Ryan Spilborghs called it one of the five worst weather experiences of his career, which is not surprising considering Fairbanks, Alaska was warmer than Chicago yesterday. One team looked right at home playing in the frigid brutal weather Monday, and it was not the team that resides a mile high by snowy peaks.
The heater in the dugout was not enough to chase away the numbness in Ubaldo Jimenez' fingers, Brad Hawpe's hamstring flared up in the cold, Todd Helton was "miserable", and Garrett Atkins faced Ted Lilly without feeling in his right hand. The Rockies were wretchedly cold.
But weren't the Cubs playing in the same weather? Only Hawpe seems to acknowledge this in post-game quotes. Hmmm...maybe the Rockies were cursed by the decapitated goat found at Wrigley before the game. Maybe it's just because Ted Lilly is MLB's best #3 starter. Uh, that's not it. If you believe Spilborghs, the Cubs, and specifically Lilly, were just better equipped for the cold.
"If you were a Cubs pitcher, you had really good conditions today," Spilborghs said. "That's about it. (Ted Lilly) had optimal conditions for the day." -Lindsay Willhite, Chicago Daily Herald
Ubaldo's long, lanky Dominican frame probably is not best suited for Arctic cold. Noting Jimenez perpetual frozen hands, Clint Hurdle admired the young pitcher's effort. Given the circumstances, it was indeed a grinding effort - had Jeff Baker completed the double play, Jimenez would have allowed just one run in four innings on a day he had no control.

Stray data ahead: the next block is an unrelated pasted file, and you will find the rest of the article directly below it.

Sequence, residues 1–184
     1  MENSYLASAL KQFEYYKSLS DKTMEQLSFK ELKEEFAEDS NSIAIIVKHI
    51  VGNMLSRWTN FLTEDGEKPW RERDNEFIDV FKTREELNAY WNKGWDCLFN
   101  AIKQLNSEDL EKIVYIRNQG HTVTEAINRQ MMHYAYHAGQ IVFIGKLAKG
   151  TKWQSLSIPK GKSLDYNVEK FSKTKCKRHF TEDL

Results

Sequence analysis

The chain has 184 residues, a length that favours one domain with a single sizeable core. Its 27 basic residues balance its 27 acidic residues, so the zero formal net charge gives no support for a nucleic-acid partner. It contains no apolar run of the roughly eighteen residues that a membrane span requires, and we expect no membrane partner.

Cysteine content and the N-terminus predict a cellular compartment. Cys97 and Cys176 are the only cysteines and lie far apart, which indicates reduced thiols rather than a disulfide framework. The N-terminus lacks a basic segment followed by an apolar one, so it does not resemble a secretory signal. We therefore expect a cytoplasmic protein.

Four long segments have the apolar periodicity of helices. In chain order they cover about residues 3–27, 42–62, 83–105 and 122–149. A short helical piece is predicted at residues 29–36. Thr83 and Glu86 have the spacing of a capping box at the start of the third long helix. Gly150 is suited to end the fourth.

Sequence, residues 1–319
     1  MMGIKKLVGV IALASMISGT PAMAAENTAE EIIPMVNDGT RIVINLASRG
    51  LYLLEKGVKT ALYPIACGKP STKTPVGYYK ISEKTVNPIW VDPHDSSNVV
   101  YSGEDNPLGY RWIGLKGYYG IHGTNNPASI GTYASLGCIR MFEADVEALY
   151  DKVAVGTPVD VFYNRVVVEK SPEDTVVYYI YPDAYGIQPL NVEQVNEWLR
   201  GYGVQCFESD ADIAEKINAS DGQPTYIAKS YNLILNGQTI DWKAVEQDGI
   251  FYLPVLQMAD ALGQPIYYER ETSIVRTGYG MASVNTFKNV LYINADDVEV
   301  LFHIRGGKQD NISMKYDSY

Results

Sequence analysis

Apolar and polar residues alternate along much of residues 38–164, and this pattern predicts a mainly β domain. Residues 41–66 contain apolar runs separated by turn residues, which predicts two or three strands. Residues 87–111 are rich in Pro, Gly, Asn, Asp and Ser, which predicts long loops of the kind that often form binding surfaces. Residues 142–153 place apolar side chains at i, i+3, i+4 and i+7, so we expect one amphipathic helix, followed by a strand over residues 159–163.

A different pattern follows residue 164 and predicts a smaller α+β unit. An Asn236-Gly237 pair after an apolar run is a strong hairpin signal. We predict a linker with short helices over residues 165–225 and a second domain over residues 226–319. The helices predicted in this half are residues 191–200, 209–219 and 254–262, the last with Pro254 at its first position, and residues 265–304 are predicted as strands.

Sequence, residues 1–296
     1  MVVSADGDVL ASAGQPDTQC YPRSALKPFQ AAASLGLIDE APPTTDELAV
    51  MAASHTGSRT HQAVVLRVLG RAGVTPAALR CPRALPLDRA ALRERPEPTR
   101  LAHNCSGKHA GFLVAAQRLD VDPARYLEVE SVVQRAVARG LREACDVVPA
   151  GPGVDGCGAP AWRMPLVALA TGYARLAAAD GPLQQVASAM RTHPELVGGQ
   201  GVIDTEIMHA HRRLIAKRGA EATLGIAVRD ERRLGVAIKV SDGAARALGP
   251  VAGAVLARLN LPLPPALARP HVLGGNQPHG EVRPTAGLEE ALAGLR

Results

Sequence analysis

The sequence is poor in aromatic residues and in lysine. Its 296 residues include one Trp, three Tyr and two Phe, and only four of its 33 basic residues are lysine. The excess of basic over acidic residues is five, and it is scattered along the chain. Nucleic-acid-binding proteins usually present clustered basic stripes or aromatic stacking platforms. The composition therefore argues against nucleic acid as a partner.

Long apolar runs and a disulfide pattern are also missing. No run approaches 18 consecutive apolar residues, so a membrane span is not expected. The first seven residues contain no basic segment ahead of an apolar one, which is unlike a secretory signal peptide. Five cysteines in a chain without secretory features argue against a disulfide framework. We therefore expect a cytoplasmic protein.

Lilly has played most of his career in cold weather cities, so perhaps he indeed is used to tossing a frozen hook.
"It could have been snowing, sleeting or on top of Mount Everest and Ted's a gamer," Cubs catcher Koyie Hill said.
"It was fun out there," Lilly said. -Troy Renck
The Cubs took the cold to their advantage while the Rockies failed to thaw. Whatever the reason, let'd hope it is fixed. A team with hopes of contending can't be crippled by cold - after all, October games are played in...October.
Still, yesterday's game constituted 0.617% of the season schedule. We know these bats will produce over the course of a season, so falling one game below .500 against Arizona, Philly and Chicago is nothing to be ashamed about, especially when considering the Rockies are +6 in the run department so far.
In Troy Renck's latest mailbag, he likened Christian Colonel's career path to that of the aforementioned Spilborghs - slow, under the radar, but ever-increasing in the view of the front office. Renck also recognizes that there was no market for Joe Koshansky on the trade front, which is why he was exposed to waivers.
ESPN recognizes Coors Field as having the seventh-cheapest ticket price available in MLB on the basis of the standard $4 Rockpile price, behind Florida, Baltimore, Milwaukee, Atlanta, Oakland, and Houston. That's a modest achievement, but then consider the Rockpile price is standard, while the six "better deals" are all either limited seating, obstructed view, special birthday deals, mini-plans, or are available on select days of the week.
Day in and day out, there's no better deal than Coors Field.